For purposes of prioritizing the removal of aliens convicted of crimes, ICE personnel should refer to the following new offense levels defined by the Secure Communities Program, with Level l and Level 2 offenders receiving principal attention. These new Secure Communities levels are given in rank order and shall replace the existing Secure Communities levels of offenses.2

Level I offenders: aliens convicted of “aggravated felonies,” as defined in § 101(a)(43) of the Immigration and Nationality Act 3 or two or more crimes each punishable by more than one year, commonly referred to as “felonies”;

Level 2 offenders: aliens convicted of any felony or three or more crimes each punishable by less than one year, commonly referred to as “misdemeanors”; and

Level 3 offenders: aliens convicted of crimes punishable by less than one year.

Priority 2. Recent illegal entrants In order to maintain control at the border and at ports of entry, and to avoid a return to the prior practice commonly and historically referred to as “catch and release,” the removal of aliens who have recently violated immigration controls at the border, at ports of entry, or through the knowing abuse of the visa and visa waiver programs shall be a priority.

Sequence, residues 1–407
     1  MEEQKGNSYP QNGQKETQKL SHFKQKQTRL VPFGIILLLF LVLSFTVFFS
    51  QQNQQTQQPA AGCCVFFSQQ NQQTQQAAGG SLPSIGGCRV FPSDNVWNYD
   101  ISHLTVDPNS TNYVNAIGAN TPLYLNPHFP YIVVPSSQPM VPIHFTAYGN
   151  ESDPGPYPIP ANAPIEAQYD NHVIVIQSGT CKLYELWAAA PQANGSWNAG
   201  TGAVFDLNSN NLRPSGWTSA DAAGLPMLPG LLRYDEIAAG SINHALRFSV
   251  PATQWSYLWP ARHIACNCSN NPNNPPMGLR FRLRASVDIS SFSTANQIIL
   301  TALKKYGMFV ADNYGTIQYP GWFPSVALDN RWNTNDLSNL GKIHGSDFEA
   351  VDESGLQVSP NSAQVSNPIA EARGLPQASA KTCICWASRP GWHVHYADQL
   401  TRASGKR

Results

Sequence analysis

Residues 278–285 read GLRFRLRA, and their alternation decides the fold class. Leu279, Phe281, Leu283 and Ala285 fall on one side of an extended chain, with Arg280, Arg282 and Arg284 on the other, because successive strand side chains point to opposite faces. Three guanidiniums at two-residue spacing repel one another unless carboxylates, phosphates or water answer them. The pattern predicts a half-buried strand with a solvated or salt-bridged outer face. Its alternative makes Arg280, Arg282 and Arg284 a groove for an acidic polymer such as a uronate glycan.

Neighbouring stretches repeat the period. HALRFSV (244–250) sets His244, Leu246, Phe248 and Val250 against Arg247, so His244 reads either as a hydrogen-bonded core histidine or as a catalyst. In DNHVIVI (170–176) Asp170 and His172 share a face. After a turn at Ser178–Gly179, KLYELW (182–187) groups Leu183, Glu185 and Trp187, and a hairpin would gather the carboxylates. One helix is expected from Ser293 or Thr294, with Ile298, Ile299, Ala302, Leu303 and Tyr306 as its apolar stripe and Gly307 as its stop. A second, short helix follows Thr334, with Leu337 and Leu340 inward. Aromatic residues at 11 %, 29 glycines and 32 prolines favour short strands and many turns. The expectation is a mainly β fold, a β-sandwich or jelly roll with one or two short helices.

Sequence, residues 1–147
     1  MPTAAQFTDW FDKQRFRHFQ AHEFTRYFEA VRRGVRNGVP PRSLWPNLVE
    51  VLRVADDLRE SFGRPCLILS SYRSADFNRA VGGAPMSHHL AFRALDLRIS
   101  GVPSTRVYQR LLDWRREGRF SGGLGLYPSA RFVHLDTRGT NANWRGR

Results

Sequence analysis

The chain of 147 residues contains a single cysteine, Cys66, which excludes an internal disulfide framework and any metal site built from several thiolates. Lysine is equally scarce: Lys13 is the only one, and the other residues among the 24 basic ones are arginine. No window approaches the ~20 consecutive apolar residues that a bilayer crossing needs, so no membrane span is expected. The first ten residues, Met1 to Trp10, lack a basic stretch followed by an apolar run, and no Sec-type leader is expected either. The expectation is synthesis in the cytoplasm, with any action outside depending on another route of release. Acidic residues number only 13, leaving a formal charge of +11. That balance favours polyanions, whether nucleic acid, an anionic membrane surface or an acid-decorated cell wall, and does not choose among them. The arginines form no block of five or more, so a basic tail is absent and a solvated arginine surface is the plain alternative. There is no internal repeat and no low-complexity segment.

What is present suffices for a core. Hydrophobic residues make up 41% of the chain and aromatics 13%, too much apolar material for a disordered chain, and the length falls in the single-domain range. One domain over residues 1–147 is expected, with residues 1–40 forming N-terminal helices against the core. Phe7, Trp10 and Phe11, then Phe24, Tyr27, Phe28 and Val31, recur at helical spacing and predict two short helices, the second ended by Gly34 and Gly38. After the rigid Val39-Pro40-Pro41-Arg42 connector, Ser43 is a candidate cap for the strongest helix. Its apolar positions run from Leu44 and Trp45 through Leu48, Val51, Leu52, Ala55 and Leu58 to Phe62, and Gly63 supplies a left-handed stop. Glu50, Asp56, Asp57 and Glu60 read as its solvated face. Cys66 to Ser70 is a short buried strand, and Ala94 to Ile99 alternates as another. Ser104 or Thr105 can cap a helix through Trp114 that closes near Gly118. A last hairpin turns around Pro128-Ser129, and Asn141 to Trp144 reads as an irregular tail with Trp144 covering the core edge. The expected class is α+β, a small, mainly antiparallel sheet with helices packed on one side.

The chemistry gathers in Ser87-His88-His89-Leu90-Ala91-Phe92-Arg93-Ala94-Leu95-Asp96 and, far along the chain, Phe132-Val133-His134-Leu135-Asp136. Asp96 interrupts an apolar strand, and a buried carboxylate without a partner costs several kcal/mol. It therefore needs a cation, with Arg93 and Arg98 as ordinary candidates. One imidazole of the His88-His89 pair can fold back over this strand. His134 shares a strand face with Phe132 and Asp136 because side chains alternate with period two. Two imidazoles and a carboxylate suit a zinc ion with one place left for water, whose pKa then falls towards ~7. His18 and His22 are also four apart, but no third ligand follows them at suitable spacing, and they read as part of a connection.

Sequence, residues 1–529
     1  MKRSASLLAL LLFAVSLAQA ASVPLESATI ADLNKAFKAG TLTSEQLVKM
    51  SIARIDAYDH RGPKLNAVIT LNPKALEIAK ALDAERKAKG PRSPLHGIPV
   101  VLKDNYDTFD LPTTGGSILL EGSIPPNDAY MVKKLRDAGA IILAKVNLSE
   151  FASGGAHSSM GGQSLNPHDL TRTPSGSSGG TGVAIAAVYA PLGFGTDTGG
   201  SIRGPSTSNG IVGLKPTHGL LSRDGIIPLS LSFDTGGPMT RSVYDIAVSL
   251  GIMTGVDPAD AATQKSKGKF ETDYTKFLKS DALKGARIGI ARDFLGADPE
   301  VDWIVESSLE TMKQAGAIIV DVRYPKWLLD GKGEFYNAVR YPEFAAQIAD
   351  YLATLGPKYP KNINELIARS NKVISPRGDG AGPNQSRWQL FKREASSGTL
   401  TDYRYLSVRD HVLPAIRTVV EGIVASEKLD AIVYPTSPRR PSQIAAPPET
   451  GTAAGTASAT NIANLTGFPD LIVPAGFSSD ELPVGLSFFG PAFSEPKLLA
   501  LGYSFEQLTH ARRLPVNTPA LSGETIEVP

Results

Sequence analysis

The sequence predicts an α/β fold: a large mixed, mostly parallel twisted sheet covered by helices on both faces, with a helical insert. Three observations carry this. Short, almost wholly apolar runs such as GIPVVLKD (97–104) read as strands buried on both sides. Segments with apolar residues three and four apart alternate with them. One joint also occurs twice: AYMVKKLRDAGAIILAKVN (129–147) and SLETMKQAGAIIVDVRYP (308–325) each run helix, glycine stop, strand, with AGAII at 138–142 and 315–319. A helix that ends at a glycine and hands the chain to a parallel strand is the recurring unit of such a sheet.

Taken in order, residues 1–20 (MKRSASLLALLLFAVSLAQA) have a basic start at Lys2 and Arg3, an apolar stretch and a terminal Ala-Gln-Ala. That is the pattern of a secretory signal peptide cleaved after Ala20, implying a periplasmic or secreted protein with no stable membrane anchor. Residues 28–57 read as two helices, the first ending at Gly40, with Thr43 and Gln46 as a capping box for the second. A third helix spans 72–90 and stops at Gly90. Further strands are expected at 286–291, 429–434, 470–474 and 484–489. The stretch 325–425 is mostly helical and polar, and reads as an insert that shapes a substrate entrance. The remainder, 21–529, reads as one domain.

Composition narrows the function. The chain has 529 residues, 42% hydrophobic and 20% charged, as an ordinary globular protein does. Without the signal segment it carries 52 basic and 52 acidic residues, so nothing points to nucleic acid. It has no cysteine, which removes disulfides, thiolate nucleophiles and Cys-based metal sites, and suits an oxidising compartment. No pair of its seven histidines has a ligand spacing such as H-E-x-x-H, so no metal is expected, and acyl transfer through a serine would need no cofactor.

Priority 3. Aliens who are fugitives or otherwise obstruct immigration controls In order to ensure the integrity of the removal and immigration adjudication processes, the removal of aliens who are subject to a final order of removal and abscond, fail to depart, or intentionally obstruct immigration controls, shall be a priority. These aliens include fugitive aliens. This provision is not intended to be read broadly, and officers, agents, and attorneys should rely on this provision only when serious and articulable public safety issues exist.

The new levels should be used immediately for purposes of enforcement operations. DRO will work with Secure Communities and the Office of the Chief Information Officer to revise the related computer coding by October I, 2010.

 As the definition of “aggravated felony” includes serious, violent offenses and less serious, non-violent offenses, agents, officers, and attorneys should focus particular attention on the most serious of the aggravated felonies when prioritizing among level one offenses. Some misdemeanors are relatively minor and do not warrant the same degree of focus as others. ICE agents and officers should exercise particular discretion when dealing with minor traffic offenses such as driving without a license. Some fugitives may fall into both this priority and priority I.